There are enough mentions of other places, other lands, and a much wider world that makes this entire book feel like it’s just one small piece of the whole. There’s a whole lot of room for Kang to spread his wings and explore, and not just that, but I found it fascinating how he used conflict, and consequence in this book. As in, something happens over here, but it impacts these people over there too. Like dominoes, nothing is untouched, and like our world, it’s a large, large place full of diverse peoples and unique cultures and I am honestly eager to explore more of it. 

The plot is relentless, and that’s another thing I enjoyed. While there are quiet moments, nothing in this book is wasted as it all comes barreling toward a magnificent ending. Kang has a way with building tension, but he also has managed to balance that with hope, and passion. This isn’t a book written using some formula. Kang put a lot of thought into not only the story, but how he tells it. He has a set of tools at his disposal, and, like a master craftsman, he knows exactly when and how to use which tool.

The characters in this book are young, and while that might make some readers thing YA fantasy, it’s really not. The themes here are fully adult, and some of the ways they are handled are as well. However, I actually thought the young age of the characters was a benefit to the story itself. As I’ve read further into this series, I’ve realized that one of the joys of it is growing right along with the young cast. They don’t stay young forever, and life twists them all up and changes them. A few years passes between this book and the next in the series, for example, and a lot of personal growth and development happens not just in the books, but between the characters themselves. I truly enjoyed that element of the story. We don’t just get to see the characters as they appear “now” but we get to grow with them as well. It gives the entire saga a level of intimacy that I just absolutely dug on every level.

One thing I really want to touch on involves the three main perspectives in this book, because I think what Kang did with them is genius. As in, each character sort of understands the world a completely different way than any other. Kaiya senses understand the world more through a soundscape, while Jie, for example, seems more keen on noticing smells than anything else. Then, you have Tian (who I just absolutely fell in love with) who was a sort of mix of both of those characters. While this might be a small detail people don’t notice unless they really think about it, the author did this on purpose, and he put a lot of thought into why and how to do this throughout his narrative. Honestly, I thought it was a superb way to draw on each character’s strengths. First of all, these three individuals are all so different, there’s no way to mix up their voices, or how they see the world. Secondly, the mixture of these perspectives actually weaves together a really dynamic, detailed understanding of not just what is happening, but the larger world as a whole. It is really rare that I come across three POV characters in a novel that are so completely different from each other but complement each other so well.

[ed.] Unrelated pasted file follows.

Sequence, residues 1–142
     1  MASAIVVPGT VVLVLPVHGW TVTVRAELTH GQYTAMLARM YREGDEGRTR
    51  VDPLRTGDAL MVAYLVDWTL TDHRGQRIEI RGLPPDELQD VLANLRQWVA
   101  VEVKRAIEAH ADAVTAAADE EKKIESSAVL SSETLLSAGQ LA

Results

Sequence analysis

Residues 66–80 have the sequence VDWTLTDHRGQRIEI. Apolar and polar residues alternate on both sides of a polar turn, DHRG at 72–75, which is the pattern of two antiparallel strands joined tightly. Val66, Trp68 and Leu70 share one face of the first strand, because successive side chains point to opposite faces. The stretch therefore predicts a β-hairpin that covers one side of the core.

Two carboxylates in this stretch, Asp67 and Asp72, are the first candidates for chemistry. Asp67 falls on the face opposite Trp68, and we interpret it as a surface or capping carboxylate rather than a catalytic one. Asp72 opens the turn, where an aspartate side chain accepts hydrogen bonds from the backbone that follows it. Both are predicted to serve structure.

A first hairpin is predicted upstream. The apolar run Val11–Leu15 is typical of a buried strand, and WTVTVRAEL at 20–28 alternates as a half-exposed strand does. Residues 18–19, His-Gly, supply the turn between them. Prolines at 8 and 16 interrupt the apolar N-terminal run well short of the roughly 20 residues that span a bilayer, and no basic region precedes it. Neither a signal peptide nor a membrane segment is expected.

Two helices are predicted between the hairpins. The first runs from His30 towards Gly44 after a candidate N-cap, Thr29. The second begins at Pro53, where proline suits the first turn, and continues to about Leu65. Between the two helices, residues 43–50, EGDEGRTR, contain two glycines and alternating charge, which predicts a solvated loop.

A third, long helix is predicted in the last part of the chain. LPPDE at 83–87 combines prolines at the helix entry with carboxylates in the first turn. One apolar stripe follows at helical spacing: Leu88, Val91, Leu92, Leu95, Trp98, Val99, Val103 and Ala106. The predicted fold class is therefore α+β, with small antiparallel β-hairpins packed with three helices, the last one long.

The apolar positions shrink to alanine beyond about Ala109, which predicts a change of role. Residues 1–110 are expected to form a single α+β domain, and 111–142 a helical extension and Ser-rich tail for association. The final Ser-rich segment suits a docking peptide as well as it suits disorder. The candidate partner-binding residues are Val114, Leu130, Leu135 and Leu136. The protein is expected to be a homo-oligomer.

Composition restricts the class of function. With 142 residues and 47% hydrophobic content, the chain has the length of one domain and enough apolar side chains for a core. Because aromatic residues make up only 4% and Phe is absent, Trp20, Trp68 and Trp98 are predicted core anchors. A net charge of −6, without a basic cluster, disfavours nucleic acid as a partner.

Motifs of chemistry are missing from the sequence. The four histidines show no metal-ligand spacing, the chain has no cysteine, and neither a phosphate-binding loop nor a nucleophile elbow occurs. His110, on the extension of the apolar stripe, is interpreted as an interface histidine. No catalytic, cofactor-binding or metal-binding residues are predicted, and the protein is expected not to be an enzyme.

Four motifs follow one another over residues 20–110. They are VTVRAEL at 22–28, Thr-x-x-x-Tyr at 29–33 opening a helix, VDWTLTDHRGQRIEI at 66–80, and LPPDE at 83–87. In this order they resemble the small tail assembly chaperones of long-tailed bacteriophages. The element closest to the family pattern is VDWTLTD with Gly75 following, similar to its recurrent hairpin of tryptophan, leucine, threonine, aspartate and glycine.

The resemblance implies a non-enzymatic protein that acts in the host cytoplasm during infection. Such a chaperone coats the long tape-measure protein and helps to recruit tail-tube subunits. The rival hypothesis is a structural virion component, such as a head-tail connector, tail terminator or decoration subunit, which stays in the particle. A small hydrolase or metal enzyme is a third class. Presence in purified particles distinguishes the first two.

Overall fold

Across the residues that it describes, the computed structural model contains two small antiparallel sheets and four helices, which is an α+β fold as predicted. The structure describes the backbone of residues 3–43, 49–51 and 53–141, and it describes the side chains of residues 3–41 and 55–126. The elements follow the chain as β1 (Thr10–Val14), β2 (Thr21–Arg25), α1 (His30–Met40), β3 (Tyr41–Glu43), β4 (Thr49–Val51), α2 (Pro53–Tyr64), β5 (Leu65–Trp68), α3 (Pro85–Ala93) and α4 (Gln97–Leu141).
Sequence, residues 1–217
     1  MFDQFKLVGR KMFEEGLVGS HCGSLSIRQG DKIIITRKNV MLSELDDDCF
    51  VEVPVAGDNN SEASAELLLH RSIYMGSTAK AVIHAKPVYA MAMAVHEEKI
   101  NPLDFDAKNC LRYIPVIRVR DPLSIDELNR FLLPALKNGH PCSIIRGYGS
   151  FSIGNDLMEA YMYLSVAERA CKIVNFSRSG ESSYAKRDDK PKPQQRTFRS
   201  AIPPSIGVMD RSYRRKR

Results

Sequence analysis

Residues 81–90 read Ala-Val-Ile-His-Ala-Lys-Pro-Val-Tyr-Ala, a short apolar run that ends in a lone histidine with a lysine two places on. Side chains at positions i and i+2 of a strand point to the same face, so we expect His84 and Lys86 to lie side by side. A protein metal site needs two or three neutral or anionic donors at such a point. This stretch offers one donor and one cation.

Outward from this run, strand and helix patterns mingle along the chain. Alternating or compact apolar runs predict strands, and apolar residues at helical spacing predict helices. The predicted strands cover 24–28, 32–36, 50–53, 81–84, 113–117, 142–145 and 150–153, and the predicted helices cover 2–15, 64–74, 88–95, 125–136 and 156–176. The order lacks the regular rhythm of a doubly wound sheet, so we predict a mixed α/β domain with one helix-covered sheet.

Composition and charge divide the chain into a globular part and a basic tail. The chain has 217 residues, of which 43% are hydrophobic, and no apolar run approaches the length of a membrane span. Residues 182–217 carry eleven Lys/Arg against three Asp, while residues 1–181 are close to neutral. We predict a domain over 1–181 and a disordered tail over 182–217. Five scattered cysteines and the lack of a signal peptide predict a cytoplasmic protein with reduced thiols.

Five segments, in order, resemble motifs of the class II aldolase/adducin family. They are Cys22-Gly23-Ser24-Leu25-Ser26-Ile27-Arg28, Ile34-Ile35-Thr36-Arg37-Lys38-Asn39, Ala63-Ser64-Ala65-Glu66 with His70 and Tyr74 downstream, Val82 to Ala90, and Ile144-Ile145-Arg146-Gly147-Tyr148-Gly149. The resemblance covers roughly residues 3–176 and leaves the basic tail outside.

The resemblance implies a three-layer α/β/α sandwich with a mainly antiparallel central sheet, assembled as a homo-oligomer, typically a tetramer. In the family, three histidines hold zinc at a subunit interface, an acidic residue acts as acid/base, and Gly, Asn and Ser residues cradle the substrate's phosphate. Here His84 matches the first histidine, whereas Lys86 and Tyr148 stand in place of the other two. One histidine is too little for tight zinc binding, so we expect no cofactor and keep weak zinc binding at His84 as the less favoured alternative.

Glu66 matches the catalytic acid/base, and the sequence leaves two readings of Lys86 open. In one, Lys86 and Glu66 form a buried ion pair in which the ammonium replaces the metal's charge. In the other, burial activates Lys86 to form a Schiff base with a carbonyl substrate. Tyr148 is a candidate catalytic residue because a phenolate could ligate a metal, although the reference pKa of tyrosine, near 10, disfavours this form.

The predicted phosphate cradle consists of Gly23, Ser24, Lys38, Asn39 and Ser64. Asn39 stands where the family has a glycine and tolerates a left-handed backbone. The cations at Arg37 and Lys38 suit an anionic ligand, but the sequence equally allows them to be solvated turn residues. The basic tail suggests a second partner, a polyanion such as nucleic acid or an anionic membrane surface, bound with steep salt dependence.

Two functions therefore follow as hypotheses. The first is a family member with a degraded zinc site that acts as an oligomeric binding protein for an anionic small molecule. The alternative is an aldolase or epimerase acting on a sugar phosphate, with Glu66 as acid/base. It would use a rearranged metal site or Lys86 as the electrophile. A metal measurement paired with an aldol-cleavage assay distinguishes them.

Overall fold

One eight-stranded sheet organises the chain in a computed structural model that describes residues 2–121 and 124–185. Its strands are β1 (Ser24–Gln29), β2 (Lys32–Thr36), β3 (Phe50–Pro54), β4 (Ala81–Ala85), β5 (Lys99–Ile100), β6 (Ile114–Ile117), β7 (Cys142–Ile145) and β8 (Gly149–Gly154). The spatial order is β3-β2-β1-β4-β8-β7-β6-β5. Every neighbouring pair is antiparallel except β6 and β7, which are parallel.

So, where does this leave us? 

It should be pretty obvious that I loved this book. It’s a solid start to a very dynamic, fast moving, layered series. The characters are just as well-crafted as the world itself, and it’s a delight to grow and evolve with them as the series expands. Perhaps my favorite part of this book was the author’s passion, which infuses each and every page. He put so much thought into every aspect of this book, and I think it came together beautifully. 

Excellent start to a fantastic series. Highly recommended. 

5/5 stars